According to an article published in the September 7, 2014 online edition of the journal Developmental Science, Vanderbilt University researchers have found that a child’s capacity for understanding musical rhythm is related to the capacity for understanding grammar.

Reyna L. Gordon, PhD,  Otolaryngology & Kennedy Center, Vanderbilt University Medical Center

Reyna L. Gordon, PhD,
Otolaryngology & Kennedy Center,
Vanderbilt University Medical Center

Reyna Gordon, PhD, a research fellow in the Department of Otolaryngology at the Vanderbilt Kennedy Center, is the lead author of the study. According to Gordon, this study is the first of its kind to show an association between musical rhythm and grammar. Gordon emphasizes that more research will be necessary to determine how to apply the knowledge, but hopes that musical education can be used to improve grammar skills, particularly in children with language challenges.

“This may help us predict who would be the best candidate for particular types of therapy or who’s responding the best,” said Gordon. “Is it the child with the weakest rhythm that needs the most help, or is it the child that starts out with better rhythm that will then benefit the most?”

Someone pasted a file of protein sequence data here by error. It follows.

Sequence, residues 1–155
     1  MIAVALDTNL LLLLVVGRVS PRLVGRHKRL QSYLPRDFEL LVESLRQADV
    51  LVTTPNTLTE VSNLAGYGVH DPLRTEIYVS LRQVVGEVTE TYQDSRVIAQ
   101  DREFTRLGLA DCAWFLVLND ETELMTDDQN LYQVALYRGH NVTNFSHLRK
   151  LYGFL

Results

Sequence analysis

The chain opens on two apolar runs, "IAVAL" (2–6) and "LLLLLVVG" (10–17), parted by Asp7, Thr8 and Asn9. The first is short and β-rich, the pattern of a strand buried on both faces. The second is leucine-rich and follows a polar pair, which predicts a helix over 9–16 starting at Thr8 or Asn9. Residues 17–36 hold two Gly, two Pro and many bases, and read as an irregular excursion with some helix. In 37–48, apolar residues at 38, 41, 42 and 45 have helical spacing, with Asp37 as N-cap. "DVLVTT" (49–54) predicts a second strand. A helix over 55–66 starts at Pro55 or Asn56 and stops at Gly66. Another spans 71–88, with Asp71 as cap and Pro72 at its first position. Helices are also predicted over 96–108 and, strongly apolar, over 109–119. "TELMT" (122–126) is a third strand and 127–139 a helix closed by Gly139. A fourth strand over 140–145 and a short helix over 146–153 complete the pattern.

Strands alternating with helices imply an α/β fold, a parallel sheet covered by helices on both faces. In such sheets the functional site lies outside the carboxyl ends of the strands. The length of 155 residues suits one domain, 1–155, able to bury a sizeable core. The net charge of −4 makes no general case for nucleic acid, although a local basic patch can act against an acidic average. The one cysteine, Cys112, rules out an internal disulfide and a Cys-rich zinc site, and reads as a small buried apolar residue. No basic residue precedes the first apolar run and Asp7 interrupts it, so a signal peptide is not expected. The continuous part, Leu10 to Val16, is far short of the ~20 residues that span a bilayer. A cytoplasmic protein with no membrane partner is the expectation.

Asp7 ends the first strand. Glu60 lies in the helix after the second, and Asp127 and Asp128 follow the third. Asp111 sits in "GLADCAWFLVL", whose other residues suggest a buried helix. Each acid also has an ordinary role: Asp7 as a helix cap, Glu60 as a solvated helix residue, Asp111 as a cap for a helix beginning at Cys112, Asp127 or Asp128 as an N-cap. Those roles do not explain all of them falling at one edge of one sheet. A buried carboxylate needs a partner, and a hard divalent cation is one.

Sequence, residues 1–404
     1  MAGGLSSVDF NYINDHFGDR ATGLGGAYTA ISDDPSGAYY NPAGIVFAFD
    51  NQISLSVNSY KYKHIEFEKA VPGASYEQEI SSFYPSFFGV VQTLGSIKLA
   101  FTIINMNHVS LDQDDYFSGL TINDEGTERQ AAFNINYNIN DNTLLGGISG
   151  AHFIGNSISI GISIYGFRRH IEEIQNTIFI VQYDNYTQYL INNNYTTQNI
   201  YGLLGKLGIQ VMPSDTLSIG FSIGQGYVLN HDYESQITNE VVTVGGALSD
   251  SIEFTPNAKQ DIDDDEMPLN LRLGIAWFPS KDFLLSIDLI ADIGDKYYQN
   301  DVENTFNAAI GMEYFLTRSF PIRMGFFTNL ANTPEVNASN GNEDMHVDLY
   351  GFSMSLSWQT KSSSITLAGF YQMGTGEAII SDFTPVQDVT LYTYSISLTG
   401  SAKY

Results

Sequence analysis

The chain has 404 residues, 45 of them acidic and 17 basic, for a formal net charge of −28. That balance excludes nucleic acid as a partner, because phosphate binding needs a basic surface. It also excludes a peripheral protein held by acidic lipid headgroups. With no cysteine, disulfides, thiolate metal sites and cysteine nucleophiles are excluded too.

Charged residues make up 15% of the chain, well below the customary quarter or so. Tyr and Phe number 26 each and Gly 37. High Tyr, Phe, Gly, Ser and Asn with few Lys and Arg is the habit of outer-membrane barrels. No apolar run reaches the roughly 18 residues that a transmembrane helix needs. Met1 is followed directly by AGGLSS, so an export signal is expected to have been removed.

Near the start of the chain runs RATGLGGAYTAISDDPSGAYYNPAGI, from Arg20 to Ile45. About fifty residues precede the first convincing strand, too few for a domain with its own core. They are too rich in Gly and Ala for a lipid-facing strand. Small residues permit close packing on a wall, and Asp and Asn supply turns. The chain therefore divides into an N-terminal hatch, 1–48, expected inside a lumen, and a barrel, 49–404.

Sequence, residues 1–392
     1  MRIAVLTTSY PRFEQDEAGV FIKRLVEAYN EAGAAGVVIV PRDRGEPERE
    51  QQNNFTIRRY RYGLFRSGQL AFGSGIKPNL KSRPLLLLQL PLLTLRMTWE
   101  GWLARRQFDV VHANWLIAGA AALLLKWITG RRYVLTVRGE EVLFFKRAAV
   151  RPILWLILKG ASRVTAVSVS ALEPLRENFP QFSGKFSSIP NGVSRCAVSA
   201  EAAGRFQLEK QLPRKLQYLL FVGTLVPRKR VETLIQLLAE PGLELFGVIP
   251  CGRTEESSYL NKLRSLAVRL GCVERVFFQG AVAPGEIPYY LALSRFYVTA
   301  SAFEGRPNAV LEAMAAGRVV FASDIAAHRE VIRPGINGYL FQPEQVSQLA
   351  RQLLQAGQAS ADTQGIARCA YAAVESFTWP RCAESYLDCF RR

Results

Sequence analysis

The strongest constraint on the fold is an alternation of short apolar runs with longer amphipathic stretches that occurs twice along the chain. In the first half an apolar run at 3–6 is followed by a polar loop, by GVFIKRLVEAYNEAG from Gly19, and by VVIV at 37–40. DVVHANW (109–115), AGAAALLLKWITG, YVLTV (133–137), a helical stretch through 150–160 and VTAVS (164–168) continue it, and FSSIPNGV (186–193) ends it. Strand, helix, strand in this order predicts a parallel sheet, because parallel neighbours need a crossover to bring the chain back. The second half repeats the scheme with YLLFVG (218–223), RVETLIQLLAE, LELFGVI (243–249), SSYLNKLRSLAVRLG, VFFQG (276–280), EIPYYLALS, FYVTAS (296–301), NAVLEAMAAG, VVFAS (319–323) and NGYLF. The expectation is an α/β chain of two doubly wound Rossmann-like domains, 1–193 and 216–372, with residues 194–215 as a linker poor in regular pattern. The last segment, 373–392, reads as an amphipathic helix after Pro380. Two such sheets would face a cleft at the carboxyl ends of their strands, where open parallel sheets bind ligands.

According to the study report, Gordon studied 25 typically developing 6-year-olds, first testing them with a standardized test of music aptitude, and then with more specialized music tests, including a computer game that the research team developed called a beat-based assessment. To measure the children’s grammar skills, they were shown a variety of photographs and asked questions about them.

Though the grammatical and musical tests were quite different, Gordon reported that children who did well on one kind of test tended to do well on the other, regardless of IQ, music experience and socioeconomic status.

Gordon proposed that these study findings may be due to the fact that both speech and music contain rhythm. Perhaps children who are better at detecting variations in music timing are also better at detecting variations in speech and therefore have an advantage in learning language, she suggested.

This research study was funded by a Vanderbilt Kennedy Center Hobbs Discovery grant.


Source: Vanderbilt University